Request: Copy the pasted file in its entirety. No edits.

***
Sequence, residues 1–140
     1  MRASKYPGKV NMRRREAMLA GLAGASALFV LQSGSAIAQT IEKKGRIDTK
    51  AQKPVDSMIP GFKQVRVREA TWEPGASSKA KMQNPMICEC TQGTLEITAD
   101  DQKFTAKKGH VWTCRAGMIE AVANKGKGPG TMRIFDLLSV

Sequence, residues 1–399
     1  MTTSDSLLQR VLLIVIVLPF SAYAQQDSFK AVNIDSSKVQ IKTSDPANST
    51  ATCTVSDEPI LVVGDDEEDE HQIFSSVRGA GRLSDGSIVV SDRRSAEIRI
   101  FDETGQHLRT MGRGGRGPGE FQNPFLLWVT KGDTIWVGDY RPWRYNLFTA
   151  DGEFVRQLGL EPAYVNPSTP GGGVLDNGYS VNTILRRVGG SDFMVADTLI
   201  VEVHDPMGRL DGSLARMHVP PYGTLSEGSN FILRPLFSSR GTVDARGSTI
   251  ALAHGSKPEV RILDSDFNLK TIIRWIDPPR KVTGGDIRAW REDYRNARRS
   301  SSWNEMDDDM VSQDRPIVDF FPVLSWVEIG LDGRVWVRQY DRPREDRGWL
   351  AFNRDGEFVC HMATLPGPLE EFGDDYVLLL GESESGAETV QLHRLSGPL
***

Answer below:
Sequence, residues 1–140
     1  MRASKYPGKV NMRRREAMLA GLAGASALFV LQSGSAIAQT IEKKGRIDTK
    51  AQKPVDSMIP GFKQVRVREA TWEPGASSKA KMQNPMICEC TQGTLEITAD
   101  DQKFTAKKGH VWTCRAGMIE AVANKGKGPG TMRIFDLLSV

Sequence, residues 1–399
     1  MTTSDSLLQR VLLIVIVLPF SAYAQQDSFK AVNIDSSKVQ IKTSDPANST
    51  ATCTVSDEPI LVVGDDEEDE HQIFSSVRGA GRLSDGSIVV SDRRSAEIRI
   101  FDETGQHLRT MGRGGRGPGE FQNPFLLWVT KGDTIWVGDY RPWRYNLFTA
   151  DGEFVRQLGL EPAYVNPSTP GGGVLDNGYS VNTILRRVGG SDFMVADTLI
   201  VEVHDPMGRL DGSLARMHVP PYGTLSEGSN FILRPLFSSR GTVDARGSTI
   251  ALAHGSKPEV RILDSDFNLK TIIRWIDPPR KVTGGDIRAW REDYRNARRS
   301  SSWNEMDDDM VSQDRPIVDF FPVLSWVEIG LDGRVWVRQY DRPREDRGWL
   351  AFNRDGEFVC HMATLPGPLE EFGDDYVLLL GESESGAETV QLHRLSGPL